Programs that utilize a variety of techniques including information sharing, role playing, discussion and feedback to help participants more effectively stand up for their rights, confront situations, take responsibility for their actions, avoid being taken advantage of by others, and act in their own best interests while respecting the rights of others. Sessions may include information about the effective use of body language, the role of eye contact and different communication styles.
Programs that feature mental exercises often called "brain games", physical exercise, proper nutrition, adequate sleep, stress management strategies, recommendations regarding other sound lifestyle choices and/or other activities whose objective is to maintain or increase brain function including attention, memory, processing speed, visual processing, auditory processing, reasoning and working memory as people age. Although there is strong evidence that aspects of brain structure remain plastic throughout life, and that high levels of mental activity are associated with reduced risks of age-related dementia, scientific support for the concept of "brain fitness" is limited. The term is virtually never used in the scientific literature, but is commonly used in the context of self-help books and commercial products.
Organizations or programs which focus on the topic of death and/or the process of dying and which may provide information about death and dying from different historical, philosophical, spiritual, religious, medical or mental health perspectives through classes, workshops, speakers, printed materials, or other modalities which may assist interested people to develop their own way of viewing and dealing with these experiences.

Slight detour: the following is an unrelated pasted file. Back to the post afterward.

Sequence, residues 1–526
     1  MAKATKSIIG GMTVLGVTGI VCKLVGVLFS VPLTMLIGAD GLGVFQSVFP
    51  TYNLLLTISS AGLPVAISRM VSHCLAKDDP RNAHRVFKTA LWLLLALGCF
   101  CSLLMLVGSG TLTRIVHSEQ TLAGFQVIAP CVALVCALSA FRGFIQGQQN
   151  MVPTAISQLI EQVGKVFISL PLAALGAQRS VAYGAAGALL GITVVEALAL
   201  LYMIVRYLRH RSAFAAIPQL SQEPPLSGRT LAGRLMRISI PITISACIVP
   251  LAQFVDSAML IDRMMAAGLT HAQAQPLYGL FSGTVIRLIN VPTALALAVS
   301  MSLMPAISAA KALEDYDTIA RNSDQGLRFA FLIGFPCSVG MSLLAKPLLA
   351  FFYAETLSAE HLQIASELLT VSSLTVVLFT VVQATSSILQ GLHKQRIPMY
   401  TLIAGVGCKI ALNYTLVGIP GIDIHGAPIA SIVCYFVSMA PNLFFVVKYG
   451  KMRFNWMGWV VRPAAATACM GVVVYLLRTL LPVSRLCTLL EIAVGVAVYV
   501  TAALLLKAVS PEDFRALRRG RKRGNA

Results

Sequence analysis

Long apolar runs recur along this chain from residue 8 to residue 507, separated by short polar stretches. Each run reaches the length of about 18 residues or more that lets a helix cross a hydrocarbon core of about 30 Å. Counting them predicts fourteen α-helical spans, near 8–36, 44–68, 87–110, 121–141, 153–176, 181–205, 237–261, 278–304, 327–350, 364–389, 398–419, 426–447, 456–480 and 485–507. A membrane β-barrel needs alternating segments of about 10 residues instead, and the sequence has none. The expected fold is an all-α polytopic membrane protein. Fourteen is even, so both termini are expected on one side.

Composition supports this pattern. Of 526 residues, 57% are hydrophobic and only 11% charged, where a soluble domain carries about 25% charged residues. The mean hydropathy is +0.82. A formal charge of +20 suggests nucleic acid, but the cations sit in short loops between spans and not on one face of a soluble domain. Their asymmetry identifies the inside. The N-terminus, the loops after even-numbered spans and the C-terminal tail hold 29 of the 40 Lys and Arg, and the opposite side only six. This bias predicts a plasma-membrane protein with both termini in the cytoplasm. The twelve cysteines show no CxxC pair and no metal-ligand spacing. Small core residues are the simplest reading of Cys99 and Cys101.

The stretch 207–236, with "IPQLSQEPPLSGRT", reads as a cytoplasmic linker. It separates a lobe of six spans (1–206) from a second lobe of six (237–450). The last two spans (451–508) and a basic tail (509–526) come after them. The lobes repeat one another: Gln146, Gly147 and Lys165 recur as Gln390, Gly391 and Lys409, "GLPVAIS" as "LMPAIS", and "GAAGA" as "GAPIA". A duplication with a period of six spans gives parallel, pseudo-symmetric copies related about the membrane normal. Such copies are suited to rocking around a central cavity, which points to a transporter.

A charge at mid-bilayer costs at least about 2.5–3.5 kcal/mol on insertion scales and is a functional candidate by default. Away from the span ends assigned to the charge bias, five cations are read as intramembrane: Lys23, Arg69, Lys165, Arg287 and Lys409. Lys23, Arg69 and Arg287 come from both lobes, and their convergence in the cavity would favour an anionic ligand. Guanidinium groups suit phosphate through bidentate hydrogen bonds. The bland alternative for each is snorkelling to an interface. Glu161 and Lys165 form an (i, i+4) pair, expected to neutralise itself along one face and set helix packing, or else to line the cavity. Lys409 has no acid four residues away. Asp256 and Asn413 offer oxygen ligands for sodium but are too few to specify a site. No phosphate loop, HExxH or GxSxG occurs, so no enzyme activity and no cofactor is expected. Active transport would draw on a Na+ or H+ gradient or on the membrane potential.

Programs that offer educational workshops that cover a range of family-living issues and help participants develop the knowledge and skills they will need to better handle life transitions and crises, improve overall self-esteem, promote growth, strengthen coping mechanisms and avert situations that can lead to family dysfunction. Topics may include parenting and step parenting skills, human growth and development over a life span, the physiological and psychological aspects of human sexuality; communication skills, couple and family relations, stress management, intergenerational issues, elder care, family and community relations, family and work relations, the impact of money and time management on daily family life, personal development, self-discovery and self-motivation. Family life education programs are offered by a wide variety of organizations including social and community service agencies, hospitals, schools and after-school programs, employee assistance programs or wellness programs in business organizations, learning centres and religious institutions.
Programs that provide opportunities for individuals of all ages to develop their leadership and management skills through participation in activities which require planning a workscope, organizing ways to achieve planned objectives, motivating members to complete tasks they have agreed to perform and evaluating the group's progress; or through training which addresses these skills.